If it hadn’t arrived I’d be dead, but it was hardly welcome: another birthday. Thirty-eight years old on Aug.11, but for any pedant or two, reverse the numerals and you’ll get it right. Thirty-eight came to me as I was sparring with a young whippersnapper from Norway recently. I was out of breath and told him that at 38 I was having trouble keeping up. “You’re doing fine for 38,” he said, and then attacked as if there were no tomorrow, the brute.
What’s that old cliché about being as old as you feel? I’ve never felt younger, but I have to stop giving advice to people. La Rochefoucauld warned about that, old men giving advice because they can no longer set a bad example. Ouch! I try to be bad at all times, but others do not want to be bad with me. Well, not always, but most of the time. Oy vey!
Amazon.com Gift Card i... Buy New $10.00 (as of 08:25 EST - Details) I just finished a book about the Left Bank of Paris and the writers and artists who worked and played there, and noticed that on my birthday following the two atomic bombs dropped on Japan, the great Albert Camus was the only one to express revulsion and publish an editorial against the savagery of the act. What double standards we hold. We only speak about Nazi crimes but fail to mention the incineration of innocents by us, or the 3 million German women raped by the Soviets.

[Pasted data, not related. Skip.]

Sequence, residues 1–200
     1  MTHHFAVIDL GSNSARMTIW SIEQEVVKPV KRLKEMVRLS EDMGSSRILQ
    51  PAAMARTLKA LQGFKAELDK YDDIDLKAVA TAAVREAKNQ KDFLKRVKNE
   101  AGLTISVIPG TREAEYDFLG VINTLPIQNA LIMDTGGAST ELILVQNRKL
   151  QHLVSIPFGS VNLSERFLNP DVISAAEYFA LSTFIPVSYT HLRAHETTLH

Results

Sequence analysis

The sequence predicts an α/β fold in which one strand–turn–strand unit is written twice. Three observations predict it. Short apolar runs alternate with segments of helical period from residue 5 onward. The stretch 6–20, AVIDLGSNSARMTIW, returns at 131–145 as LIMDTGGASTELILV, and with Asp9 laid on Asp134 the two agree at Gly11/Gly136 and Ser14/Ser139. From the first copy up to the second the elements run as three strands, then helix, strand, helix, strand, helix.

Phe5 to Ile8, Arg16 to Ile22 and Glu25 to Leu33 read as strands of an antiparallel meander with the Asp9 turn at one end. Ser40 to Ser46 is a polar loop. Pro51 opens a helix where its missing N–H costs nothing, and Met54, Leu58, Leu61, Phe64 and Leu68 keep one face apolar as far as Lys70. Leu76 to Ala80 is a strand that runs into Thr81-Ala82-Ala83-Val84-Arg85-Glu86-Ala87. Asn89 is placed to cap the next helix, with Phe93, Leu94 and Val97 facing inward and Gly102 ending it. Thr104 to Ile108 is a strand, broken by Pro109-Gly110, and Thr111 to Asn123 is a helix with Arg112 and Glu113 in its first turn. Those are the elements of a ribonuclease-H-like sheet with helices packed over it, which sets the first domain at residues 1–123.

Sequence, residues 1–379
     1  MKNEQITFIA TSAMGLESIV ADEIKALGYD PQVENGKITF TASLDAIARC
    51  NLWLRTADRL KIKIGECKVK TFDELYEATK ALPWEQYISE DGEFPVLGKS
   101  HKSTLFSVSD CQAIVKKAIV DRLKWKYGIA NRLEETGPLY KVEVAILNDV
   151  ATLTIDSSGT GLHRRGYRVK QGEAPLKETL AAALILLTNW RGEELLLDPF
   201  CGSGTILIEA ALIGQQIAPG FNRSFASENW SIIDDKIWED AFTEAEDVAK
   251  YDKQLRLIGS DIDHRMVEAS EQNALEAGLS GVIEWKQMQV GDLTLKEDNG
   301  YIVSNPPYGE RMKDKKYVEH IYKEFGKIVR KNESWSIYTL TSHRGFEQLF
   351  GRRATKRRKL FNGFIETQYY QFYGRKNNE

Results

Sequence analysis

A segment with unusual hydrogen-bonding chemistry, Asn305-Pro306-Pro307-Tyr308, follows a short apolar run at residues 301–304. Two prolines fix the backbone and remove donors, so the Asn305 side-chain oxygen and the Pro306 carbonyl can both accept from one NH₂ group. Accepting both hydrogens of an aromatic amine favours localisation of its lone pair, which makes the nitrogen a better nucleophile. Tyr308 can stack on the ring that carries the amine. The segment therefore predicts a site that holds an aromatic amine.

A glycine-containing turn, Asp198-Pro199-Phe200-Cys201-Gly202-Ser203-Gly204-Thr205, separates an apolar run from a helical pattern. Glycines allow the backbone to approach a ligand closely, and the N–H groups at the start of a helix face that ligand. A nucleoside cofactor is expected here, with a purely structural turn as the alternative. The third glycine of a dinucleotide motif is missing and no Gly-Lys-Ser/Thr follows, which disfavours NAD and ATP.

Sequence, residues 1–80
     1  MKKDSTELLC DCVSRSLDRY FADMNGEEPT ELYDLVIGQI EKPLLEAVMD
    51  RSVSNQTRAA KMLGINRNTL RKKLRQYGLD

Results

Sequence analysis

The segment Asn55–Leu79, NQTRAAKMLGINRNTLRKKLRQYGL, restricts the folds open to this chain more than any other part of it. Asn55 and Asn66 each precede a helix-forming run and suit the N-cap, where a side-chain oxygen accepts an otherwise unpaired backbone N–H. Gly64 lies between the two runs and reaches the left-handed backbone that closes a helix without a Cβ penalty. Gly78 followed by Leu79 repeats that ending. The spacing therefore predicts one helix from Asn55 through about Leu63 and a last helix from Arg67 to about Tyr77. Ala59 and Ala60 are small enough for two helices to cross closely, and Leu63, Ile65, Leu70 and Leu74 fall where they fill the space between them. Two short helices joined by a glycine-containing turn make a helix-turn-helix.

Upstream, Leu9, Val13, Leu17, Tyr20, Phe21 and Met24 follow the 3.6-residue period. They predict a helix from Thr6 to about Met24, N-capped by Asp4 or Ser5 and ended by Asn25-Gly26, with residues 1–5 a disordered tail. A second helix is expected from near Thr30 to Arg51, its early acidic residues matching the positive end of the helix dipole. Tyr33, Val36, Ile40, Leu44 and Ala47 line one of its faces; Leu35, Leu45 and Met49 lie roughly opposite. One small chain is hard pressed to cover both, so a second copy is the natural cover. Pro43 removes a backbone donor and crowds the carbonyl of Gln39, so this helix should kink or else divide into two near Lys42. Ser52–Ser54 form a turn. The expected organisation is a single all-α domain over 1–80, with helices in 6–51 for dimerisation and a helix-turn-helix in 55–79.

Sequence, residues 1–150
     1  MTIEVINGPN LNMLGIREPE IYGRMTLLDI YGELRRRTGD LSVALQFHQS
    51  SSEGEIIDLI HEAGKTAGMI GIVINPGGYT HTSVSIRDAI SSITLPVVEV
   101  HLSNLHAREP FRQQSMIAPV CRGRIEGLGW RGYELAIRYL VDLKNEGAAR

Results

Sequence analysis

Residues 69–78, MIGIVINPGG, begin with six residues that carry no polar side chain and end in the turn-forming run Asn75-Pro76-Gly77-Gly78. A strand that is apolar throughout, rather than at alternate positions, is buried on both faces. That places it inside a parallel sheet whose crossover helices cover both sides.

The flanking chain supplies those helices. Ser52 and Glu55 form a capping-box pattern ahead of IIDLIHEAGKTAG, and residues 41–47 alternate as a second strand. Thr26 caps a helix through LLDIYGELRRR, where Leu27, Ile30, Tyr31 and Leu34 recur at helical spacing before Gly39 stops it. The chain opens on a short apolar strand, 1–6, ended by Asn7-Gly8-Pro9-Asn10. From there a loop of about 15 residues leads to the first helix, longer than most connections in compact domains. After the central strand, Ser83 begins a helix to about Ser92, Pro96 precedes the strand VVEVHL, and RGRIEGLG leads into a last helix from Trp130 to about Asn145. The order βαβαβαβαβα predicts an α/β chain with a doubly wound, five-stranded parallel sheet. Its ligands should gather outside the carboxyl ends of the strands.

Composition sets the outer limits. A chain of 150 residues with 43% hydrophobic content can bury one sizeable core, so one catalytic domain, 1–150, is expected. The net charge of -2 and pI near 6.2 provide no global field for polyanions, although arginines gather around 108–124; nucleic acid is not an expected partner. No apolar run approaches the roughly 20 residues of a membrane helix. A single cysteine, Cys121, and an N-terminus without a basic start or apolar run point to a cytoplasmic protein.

Never mind. We have other problems now, but the hypocrisy persists. And gives the lie to the nostalgic fantasy of American goodness. Uncle Sam is the only one to have vaporized innocents after literally having forced Japan to go to war with the embargo he had imposed. And he’s doing it again now with Iran, squeezing the mullahs under orders from Israel and Saudi Arabia, two countries with leaders who deserve each other. Which brings me back to Camus, a man who looked like Bogie but had a soft inside. It took guts to tell the truth and rock the boat in 1945, especially as Uncle Sam had just saved France’s bacon for the second time in twenty years. Nevertheless, Camus denounced atomic warfare. The Yanks were not best pleased.